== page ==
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Circus, music, arts in the park

Synchronicity Festival
Robotic Horse Mechanical Sun
Local band Robotic Horse Mechanical Sun delivered their roots rock best at last weekend’s Synchronicity Festival.

The sun god of celebrations smiled on the three-day outdoor Synchronicity Festival this year.

When I arrived at Shirley Macey Park in Gibsons on Saturday afternoon, Aug. 23, Matthew Lovegrove was singing on the main stage — tender tunes from a smiling face.

After the music there was play for the kids, interesting, educational topics on display, a swag shop of hand-crafted items and workshops for all ages.

Actor and master of ceremonies Pat Dorval bellowed to the crowd, “Worms ate my compost.”

It was intriguing enough to draw me to where Naomi Fleschhut was giving a hands-on talk about sustainable, odourless compost using red wiggler worms. A later workshop showed junior woodworkers how to make a bat house to attract the critters that eat biting insects.

At this festival, the emphasis is on sustainable and recyclable. The organizers from deer crossing, the art farm have received some flak about their homemade signs that don’t seem very professional. Maybe not, but the signs are made of found and recyclable materials, lovingly embellished by volunteers.

Tickets sold out early for the 1 p.m. show of the popular Rainforest Circus, a tour de force in the trees. Since I must wait, there’s time to munch corn empanadas or salmon nuggets from the food stands while Harmony, a younger band with original material, performs in the afternoon.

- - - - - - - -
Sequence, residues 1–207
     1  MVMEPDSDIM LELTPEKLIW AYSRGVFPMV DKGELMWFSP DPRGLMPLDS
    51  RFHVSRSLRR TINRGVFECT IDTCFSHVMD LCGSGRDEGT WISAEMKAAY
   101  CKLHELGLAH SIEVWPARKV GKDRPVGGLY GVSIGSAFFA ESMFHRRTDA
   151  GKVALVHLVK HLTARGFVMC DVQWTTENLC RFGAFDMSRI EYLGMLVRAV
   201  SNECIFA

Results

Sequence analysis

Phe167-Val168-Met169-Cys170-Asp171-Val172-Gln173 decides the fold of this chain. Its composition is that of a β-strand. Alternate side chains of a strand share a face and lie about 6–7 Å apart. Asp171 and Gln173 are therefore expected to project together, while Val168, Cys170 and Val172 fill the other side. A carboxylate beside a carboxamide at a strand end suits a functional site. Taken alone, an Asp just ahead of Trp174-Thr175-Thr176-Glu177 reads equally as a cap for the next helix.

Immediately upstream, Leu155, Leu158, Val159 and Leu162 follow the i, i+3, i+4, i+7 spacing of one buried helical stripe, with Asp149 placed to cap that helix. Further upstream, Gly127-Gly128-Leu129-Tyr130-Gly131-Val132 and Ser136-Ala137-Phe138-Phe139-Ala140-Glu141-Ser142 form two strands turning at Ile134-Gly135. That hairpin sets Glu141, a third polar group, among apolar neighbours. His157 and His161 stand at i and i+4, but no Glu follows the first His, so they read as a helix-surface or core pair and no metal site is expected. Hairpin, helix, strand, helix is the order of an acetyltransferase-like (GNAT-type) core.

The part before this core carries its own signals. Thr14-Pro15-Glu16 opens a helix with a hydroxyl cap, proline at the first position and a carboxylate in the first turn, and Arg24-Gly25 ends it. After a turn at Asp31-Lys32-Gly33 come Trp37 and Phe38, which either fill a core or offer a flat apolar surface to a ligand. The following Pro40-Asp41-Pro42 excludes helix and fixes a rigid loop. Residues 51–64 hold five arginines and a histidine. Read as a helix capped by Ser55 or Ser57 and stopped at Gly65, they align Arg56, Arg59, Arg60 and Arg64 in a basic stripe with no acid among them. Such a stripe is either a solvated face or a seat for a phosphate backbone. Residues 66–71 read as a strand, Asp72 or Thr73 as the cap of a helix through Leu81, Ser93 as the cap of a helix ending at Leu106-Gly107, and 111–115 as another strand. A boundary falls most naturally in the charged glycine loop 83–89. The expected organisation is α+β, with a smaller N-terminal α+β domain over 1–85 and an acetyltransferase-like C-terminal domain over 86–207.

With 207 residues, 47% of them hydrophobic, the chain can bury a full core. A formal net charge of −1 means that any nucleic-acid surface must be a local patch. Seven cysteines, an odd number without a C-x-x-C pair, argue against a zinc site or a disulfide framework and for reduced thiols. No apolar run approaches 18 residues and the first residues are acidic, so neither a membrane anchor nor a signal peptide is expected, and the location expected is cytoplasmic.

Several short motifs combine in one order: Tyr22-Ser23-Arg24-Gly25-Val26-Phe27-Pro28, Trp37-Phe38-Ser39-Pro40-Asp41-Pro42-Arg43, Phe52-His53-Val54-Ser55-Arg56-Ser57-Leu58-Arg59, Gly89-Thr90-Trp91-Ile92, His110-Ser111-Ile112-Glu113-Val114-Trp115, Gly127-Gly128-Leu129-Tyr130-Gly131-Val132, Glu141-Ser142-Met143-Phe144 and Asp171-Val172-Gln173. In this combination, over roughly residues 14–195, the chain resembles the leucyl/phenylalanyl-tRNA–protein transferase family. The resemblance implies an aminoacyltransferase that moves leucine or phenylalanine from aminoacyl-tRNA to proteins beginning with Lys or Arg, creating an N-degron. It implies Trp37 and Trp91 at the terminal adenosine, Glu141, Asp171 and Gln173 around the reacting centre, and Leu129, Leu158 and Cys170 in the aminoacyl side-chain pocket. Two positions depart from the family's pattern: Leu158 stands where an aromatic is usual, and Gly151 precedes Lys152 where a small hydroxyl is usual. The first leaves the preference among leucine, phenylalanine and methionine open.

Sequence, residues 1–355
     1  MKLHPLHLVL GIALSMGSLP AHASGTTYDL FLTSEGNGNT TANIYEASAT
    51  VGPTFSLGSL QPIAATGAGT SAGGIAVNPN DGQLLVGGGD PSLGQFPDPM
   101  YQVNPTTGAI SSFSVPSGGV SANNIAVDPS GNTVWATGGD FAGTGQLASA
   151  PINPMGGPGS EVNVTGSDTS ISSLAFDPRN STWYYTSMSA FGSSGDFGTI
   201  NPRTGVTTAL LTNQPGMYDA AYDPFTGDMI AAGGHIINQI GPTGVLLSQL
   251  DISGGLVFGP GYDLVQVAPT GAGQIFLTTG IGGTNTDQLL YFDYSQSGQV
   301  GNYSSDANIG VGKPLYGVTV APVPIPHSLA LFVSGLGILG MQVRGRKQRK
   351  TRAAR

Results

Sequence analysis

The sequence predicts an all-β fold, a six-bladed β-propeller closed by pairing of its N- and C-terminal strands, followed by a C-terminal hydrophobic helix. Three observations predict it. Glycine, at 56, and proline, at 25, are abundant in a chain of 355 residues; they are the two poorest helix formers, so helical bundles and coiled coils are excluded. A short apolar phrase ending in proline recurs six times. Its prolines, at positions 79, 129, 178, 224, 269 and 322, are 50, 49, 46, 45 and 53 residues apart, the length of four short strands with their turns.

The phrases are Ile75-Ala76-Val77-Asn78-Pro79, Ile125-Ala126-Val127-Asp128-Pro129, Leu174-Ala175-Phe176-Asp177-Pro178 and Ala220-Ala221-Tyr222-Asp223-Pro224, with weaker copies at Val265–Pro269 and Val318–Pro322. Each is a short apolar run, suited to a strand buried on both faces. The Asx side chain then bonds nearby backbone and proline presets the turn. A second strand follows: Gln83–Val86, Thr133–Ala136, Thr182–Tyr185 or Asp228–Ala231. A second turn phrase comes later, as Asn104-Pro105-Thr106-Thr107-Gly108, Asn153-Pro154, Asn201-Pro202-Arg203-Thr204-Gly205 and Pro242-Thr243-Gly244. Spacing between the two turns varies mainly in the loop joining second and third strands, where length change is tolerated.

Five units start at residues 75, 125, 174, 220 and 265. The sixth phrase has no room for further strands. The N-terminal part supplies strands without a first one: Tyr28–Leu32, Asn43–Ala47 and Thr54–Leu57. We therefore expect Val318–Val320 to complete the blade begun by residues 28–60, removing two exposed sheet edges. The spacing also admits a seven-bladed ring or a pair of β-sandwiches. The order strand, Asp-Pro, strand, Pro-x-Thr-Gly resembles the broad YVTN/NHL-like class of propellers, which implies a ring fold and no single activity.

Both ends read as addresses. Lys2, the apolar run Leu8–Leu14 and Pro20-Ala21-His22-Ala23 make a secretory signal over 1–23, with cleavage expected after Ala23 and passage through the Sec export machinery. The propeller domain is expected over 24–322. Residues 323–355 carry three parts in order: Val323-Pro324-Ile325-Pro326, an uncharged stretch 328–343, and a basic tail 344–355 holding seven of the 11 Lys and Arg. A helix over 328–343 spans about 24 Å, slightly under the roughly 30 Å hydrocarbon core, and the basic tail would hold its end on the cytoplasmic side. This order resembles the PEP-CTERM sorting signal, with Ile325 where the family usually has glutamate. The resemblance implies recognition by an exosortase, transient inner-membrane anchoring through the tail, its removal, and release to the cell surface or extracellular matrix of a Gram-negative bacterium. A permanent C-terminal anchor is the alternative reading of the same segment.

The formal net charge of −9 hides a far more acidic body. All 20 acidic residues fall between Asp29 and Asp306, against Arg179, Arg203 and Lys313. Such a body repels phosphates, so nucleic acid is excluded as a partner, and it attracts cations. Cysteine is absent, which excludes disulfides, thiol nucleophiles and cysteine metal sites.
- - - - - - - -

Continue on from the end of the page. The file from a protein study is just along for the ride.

The main stage music stops while the circus is on. It’s a good thing there’s Captain Numbnuts, the human jukebox, to organize a sing-along for the crowd sitting on the hay bales. “Take me home, country roads,” we warble together. He’s accompanied by some other great voices from Illiteratty, a Vancouver-based vocal group.

The Rainforest Circus is still the star of the show despite herculean efforts on the part of organizers to make it musical and fun for everyone visiting the festival grounds.

This year the circus theme is a trip to the Underworld that starts by passing through a grim gate and dark, hot tunnel. Woe to those who disobey the warnings of the guides. You may have to stay in the Underworld forever. A fancy table in the forest is set for dining, and the audience watches other-worldly characters sample unusual dishes that involve a human foot, among other body parts.

From a bed among the trees a chorus of children sing, “If you go down to the woods today, you’re sure of a big surprise.”

There’s something creepy about them, like the weird children in Henry James’ story, The Turn of the Screw. But there’s nothing spooky about Steve Wright on the drums while aerial acrobats spin through the trees in joyous movement. Mention of the Underworld brings to mind the Greek myth of Persephone and Demeter. That story unfolds in dramatic fashion accompanied by writhing acrobats and the services of a clowning Chad Hershler on hand to “process” it.

Back at the festival grounds, two great acts in the evening follow one another — Robotic Horse Mechanical Sun is terrific at roots-rock with a strong element of country. Returning to the Coast is Elphinstone Secondary School alumna Skye Wallace who has grown immensely in vocal quality and musicality. Her voice has taken on a Joni Mitchell tone that grabbed the audience’s attention.

More music followed and some folks were only just arriving, but for me it had been a full day.

See who else performed at Better yet, be sure and mark the festival on your calendar for next year.